Ebola spreads through direct contact with infected bodily fluids or tissue.
Even after a person has died, the virus persists.
At the time of death, a patient can have one billion copies of the virus in one cubic centimeter of blood. In comparison, HIV, a similar virus, has the same rate at…
“They didn’t expect to see a Muslim girl box. It’s like, oh my god, a woman’s doing something. She’s not staying at home and just being a housewife,” says Ambreen Sadiq, one of Britain’s first Muslim female boxers.
Throughout her boxing journey, the 20-year-old former UK champion has faced serious prejudice from the British Muslim community, her neighbors, her school friends and even some members of her family. She says she has been bullied in school and even received death threats after her sister made her a Facebook fan page. Though she is disappointed at the lack of support from the Muslim and Asian community in the UK, Sadiq remains undeterred and continues to box.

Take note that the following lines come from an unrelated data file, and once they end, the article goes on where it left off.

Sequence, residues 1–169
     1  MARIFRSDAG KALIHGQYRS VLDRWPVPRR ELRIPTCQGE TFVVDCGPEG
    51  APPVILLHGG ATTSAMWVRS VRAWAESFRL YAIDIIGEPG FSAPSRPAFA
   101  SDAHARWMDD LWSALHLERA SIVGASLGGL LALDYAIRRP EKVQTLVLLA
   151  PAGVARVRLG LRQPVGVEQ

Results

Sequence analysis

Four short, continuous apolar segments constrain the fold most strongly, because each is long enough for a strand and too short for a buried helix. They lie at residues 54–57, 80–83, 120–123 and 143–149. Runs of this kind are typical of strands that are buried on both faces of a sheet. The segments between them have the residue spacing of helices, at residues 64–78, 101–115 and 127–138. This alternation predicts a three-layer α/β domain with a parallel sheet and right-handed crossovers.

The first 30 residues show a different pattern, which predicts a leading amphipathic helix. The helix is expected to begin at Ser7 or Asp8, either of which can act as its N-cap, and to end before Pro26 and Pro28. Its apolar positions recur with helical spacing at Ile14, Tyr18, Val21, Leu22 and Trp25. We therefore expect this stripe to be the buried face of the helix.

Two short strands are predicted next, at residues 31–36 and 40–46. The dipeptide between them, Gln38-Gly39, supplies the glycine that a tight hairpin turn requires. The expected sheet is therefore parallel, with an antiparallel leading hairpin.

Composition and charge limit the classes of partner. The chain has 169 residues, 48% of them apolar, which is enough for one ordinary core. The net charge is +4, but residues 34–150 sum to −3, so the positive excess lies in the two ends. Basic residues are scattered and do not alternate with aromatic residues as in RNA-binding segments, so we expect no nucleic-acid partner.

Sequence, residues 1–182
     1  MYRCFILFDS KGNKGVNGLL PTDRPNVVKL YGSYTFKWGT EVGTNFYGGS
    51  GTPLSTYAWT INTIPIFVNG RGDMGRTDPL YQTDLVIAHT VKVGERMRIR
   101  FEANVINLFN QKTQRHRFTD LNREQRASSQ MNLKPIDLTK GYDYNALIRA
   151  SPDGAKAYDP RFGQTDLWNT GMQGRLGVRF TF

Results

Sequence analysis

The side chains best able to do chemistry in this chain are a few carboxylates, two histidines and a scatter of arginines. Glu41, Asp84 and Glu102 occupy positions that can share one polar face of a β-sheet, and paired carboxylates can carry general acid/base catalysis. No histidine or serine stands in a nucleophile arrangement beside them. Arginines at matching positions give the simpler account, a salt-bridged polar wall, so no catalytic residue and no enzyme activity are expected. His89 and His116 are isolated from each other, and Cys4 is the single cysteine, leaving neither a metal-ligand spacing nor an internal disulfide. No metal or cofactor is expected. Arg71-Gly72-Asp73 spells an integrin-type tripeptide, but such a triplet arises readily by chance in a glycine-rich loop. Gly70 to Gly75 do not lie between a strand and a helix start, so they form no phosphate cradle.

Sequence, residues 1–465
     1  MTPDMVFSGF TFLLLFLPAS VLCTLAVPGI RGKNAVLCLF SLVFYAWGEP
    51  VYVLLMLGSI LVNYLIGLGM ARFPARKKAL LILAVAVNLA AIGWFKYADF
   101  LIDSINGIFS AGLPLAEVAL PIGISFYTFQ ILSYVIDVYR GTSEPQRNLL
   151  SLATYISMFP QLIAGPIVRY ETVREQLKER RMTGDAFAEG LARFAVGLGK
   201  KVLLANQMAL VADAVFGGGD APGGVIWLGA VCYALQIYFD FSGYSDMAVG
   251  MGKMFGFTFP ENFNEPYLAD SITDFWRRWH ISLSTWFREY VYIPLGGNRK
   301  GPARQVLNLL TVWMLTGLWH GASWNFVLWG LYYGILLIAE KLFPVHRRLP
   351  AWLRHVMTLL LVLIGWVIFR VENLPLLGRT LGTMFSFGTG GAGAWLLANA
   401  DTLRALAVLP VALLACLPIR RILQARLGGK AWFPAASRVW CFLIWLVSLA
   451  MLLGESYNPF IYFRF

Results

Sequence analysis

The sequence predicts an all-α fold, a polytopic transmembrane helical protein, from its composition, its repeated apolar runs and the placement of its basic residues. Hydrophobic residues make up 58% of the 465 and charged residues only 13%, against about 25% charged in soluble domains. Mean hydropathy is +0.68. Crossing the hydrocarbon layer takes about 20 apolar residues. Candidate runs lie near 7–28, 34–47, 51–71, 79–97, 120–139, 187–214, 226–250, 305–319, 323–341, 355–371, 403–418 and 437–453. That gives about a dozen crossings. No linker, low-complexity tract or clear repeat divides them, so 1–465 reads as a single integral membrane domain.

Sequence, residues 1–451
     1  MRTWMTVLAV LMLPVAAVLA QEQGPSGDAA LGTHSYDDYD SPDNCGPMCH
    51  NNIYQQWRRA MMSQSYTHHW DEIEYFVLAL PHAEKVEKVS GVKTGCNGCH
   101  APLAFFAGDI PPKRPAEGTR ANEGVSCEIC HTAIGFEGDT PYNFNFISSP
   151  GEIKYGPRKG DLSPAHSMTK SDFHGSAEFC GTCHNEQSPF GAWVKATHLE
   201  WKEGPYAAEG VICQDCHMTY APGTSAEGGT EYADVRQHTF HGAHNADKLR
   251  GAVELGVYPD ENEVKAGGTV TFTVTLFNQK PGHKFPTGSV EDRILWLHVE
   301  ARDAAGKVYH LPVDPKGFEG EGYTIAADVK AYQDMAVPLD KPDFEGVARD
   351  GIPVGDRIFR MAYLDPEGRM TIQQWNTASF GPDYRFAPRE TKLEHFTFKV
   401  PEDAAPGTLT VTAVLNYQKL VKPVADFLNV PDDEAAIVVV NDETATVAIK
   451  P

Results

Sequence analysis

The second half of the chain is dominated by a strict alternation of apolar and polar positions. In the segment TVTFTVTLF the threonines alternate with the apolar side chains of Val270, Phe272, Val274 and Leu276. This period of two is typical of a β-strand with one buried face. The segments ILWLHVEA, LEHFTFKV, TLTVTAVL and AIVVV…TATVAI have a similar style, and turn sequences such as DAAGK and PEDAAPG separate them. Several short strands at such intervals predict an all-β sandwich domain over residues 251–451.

“Anything that you do, there are going to be people that are negative and don’t like it. You have to decide: do you want to do what you love, or do you want to please other people? Don’t let anyone get in the way of your dream no matter who it is,” she says in a recent interview with the Telegraph.
The humble green anole has but a few claims to fame: it was featured on the cover of the very first Animorphs book, and it can self-amputate and regrow